WASHINGTON â€“ Inside the Oval Office, the president and his soon to be successor pose awkwardly for the cameras. The first question shouted to the President-elect, "Are you going to inherit a recession from the President?" The president in that scenario was Bill Clinton and standing next to him was George W. Bush.
That was how the scene unfolded eight years ago when Bush made his first visit to the White House as President-elect on December 19th, 2000. At the time, both Bush and Clinton brushed aside the question about the "R-word." But Clinton did offer this advice, "He'll have economic challenges and we ought to give him a chance to meet them, not try to figure it all out in advance."
Fast forward to the present, Bush's own successor won't have the same luxury of time. Thursday's report that the economy shrank 0.3 percent in the July-September period provides further evidence for economists who say the country is in a recession and probably has been for several months.
Even the president's top economic advisor, Edward Lazear, chairman of the Council of Economic Advisors, recently weighed in that parts of the country are in a recession.
The White House tried to downplay today's GDP number, saying that while weak, it was not unexpected. Press Secretary Dana Perino said in a statement, "The President is taking forceful actions to return the economy to growth and job creation by early next year. While we continue to face serious challenges, the United States remains the best place to do business, and we're positioned to bounce back."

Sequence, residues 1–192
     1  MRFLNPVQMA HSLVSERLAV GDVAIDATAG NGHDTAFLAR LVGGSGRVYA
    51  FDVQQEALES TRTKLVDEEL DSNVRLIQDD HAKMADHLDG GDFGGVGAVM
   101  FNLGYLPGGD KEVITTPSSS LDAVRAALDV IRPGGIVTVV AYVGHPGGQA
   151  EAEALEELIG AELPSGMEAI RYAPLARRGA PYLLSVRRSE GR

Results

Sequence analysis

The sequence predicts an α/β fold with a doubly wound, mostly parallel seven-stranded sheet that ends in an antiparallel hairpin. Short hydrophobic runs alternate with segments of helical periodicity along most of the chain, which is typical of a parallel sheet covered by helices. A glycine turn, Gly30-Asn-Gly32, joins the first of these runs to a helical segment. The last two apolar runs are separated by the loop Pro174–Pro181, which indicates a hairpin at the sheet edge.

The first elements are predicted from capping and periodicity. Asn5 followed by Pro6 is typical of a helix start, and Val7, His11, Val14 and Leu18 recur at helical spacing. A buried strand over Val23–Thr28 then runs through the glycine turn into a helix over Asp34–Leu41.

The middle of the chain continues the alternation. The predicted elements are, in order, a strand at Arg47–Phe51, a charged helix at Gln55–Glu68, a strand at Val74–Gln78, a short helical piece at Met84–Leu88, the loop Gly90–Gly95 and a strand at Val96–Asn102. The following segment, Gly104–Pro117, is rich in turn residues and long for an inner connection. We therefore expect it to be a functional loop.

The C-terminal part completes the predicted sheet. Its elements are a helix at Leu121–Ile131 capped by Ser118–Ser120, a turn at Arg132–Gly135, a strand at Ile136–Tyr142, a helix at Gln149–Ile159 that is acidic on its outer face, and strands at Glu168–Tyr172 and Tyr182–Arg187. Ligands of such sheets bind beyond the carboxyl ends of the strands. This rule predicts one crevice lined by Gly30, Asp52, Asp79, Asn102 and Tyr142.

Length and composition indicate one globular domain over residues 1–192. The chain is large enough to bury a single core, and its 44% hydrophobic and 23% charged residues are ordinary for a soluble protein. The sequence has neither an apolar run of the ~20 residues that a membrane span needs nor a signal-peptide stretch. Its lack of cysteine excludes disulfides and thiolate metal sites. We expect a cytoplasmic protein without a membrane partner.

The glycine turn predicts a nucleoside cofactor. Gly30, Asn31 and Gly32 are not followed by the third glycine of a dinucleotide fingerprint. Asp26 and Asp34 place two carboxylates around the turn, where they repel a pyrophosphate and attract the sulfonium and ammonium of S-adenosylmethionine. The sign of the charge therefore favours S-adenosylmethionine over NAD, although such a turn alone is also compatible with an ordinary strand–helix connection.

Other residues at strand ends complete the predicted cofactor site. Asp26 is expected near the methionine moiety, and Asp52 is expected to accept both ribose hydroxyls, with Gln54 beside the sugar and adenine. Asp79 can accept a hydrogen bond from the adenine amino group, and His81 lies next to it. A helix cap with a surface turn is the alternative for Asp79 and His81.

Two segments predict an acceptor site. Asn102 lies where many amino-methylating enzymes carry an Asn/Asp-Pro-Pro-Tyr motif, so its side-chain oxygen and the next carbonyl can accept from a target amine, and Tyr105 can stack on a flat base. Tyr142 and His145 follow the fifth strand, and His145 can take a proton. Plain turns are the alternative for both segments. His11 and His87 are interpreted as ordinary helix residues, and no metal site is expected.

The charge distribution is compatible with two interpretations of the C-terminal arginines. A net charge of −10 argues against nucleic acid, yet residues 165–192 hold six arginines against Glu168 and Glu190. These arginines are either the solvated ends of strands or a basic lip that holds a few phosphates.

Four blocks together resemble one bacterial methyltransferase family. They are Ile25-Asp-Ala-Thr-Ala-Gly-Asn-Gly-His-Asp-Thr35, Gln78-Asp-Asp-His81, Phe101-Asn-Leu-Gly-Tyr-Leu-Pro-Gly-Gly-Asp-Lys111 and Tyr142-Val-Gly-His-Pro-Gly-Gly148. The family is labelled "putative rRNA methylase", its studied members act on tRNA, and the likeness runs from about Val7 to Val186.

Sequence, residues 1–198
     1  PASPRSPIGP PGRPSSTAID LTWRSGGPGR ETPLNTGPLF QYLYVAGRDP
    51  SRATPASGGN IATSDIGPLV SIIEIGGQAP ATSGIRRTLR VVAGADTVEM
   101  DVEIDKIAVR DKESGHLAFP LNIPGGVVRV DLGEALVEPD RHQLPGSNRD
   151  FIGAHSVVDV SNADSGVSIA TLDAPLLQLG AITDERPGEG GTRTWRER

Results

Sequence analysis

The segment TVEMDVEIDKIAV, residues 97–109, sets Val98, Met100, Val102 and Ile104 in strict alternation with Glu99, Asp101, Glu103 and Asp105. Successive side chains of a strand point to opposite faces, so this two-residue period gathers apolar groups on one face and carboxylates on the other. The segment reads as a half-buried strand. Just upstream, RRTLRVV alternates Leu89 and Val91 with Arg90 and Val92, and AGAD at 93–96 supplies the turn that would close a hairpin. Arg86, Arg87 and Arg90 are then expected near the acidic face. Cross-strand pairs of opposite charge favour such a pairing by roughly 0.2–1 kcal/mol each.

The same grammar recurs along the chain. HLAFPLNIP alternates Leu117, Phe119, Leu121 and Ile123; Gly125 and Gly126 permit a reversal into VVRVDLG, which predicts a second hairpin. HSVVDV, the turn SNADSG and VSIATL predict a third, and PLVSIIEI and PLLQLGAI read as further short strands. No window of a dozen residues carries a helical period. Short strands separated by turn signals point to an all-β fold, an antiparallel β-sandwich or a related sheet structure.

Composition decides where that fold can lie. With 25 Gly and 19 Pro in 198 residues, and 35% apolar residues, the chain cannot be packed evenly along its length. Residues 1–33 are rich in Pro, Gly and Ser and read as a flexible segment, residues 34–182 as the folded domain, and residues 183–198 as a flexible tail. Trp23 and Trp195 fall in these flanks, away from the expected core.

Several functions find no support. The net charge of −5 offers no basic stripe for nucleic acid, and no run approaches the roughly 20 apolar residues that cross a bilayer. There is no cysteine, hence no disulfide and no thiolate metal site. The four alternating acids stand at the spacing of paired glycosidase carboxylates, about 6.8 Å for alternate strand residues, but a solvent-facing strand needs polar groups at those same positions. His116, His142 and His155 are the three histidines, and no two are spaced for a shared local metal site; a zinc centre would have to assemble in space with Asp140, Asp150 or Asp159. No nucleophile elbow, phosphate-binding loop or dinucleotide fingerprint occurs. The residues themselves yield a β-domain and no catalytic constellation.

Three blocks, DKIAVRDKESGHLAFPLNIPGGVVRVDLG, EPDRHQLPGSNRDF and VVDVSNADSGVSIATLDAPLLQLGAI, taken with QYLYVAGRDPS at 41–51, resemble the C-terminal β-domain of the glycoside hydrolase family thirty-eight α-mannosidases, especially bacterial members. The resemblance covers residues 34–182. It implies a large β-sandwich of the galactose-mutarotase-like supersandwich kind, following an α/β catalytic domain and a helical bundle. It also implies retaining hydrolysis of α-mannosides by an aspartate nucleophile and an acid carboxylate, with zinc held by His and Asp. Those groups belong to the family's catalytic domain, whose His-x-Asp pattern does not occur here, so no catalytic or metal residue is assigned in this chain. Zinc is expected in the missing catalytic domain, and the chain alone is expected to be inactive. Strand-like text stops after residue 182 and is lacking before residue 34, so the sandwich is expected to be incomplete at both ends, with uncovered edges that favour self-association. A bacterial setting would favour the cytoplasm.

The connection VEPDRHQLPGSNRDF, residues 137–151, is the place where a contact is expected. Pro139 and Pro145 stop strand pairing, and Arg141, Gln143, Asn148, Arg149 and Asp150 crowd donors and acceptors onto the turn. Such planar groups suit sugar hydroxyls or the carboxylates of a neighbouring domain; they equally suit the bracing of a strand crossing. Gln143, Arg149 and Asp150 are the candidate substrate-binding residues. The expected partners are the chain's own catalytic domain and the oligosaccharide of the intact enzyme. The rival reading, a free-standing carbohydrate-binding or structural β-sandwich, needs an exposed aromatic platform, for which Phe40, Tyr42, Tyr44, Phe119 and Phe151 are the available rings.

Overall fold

Although Bush did not answer the question in the Oval Office back in 2000, he's often talked about how he did inherit a recession when he took office.
According to the National Bureau of Economic Research (NBER), the country slipped into a recession in March 2001 and came out of it in November of that year, and that the downturn was prolonged due to the September 11th attacks.
When President Bush poses for the cameras with his successor, the question for the next president won't be whether he's inheriting a recession, but likely how deep and how long will it last and what he plans to do to get the country out of it.